While U.S. light-vehicle sales grew by 11.1 percent, a year of recovery, Toyota’s sales slipped 0.4 percent for the year, resulting in a loss of 1.8 points of market share to 15.2 percent. The decline knocked the company to third place from second, behind a resurgent Ford Motor Co. and the market leader, General Motors.

Toyota’s poor results are mitigated by two facts: First, the automaker virtually stopped selling vehicles for four weeks early in the year, due to regulatory pressure and hyper-cautious worry that some of its cars might be unsafe. Allegations that an electronic glitch in Toyota’s acceleration system were causing a malfunction so far have proved unfounded.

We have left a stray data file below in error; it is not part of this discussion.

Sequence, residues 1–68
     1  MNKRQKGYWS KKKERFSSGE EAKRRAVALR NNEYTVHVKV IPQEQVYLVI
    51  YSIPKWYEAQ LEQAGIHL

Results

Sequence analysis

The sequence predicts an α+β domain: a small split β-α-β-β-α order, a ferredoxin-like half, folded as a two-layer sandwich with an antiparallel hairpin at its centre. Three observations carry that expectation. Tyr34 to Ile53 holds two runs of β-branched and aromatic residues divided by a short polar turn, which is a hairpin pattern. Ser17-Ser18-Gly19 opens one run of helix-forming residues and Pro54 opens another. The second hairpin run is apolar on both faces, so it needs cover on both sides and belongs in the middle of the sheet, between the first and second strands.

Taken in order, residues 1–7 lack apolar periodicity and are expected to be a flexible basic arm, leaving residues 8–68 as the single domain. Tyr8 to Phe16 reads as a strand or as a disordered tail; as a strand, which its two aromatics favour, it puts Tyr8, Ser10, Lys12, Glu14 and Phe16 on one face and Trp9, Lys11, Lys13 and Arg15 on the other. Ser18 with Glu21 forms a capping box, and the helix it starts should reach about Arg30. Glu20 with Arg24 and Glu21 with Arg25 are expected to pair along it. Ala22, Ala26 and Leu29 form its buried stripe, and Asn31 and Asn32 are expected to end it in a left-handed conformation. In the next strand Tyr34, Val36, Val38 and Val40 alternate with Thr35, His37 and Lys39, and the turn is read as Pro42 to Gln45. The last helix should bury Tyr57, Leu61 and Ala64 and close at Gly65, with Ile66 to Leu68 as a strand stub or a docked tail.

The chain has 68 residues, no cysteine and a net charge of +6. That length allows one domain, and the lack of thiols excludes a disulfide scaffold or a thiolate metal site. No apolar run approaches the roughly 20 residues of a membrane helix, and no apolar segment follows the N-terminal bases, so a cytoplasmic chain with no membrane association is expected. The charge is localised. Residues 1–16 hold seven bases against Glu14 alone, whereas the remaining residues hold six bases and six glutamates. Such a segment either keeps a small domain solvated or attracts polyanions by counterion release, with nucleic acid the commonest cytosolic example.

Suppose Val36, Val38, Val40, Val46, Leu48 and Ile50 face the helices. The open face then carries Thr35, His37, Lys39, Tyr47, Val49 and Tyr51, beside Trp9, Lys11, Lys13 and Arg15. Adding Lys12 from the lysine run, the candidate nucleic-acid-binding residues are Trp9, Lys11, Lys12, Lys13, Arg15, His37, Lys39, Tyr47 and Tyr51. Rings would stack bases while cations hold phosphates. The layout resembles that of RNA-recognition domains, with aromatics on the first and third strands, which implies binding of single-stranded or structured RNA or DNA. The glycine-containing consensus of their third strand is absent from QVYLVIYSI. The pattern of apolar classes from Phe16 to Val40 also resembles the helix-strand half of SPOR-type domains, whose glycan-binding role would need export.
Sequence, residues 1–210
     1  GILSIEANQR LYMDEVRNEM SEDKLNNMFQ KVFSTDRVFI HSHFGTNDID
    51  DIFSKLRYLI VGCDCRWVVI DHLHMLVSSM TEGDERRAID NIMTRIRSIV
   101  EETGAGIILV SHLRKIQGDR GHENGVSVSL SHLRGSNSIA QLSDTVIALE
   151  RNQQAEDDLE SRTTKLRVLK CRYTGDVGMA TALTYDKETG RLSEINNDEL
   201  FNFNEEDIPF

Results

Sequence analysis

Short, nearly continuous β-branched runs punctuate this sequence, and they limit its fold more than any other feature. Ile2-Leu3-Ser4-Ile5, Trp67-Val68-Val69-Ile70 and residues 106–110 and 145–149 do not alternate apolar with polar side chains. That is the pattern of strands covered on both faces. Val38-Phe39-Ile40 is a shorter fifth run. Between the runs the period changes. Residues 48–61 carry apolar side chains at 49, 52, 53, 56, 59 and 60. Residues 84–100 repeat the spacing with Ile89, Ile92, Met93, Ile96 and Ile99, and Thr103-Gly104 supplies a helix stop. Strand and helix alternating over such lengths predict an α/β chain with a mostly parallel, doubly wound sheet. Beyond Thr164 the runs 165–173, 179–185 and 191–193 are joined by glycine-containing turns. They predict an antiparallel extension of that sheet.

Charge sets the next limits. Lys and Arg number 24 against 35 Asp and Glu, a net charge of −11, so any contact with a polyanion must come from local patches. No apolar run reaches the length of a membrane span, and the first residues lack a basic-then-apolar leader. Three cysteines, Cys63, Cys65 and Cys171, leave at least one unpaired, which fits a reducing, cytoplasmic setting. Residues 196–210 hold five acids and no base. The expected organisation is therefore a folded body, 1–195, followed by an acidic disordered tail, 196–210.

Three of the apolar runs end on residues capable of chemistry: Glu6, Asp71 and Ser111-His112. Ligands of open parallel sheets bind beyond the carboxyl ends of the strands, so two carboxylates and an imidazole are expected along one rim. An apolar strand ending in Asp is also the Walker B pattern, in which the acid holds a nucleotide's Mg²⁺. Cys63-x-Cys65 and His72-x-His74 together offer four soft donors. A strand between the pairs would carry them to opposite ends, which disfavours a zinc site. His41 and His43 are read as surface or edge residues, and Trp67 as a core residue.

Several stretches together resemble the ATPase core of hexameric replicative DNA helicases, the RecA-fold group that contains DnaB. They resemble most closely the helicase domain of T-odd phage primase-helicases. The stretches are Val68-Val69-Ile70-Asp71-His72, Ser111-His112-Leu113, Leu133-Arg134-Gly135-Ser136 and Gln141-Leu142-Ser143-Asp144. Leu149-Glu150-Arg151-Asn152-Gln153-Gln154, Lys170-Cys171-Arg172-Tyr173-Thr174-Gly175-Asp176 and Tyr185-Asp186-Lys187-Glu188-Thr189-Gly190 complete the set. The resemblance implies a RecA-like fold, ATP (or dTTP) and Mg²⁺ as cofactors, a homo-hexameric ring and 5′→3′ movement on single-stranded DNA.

Second, only about 8 percent of Toyota’s sales went to rental and other fleets last year, compared with roughly 30 percent for domestic competitors — implying that Toyota remains less willing than some of its competitors to discount vehicles to gain share.

Toyota’s long track record of top safety ratings created what the authors of the survey called “brand insulation effect” that shielded the company from hostility among owners of the company’s products. Toyota owners tended to believe more than owners of non-Toyota vehicles that the company handled the recall well and that the sudden unintended acceleration uproar was an outlier.

Consumer Reports Fall 2010 rankings of the most reliable vehicles included 17 Toyota models,  the most of any automaker. In December, the magazine put five Toyotas on its list of vehicles likely to last beyond 200,000 miles; no other manufacturer had more than one vehicle on the list.

In the last three months Toyota shares have gained 14.5 percent, compared with 12.5 percent for the Nikkei index.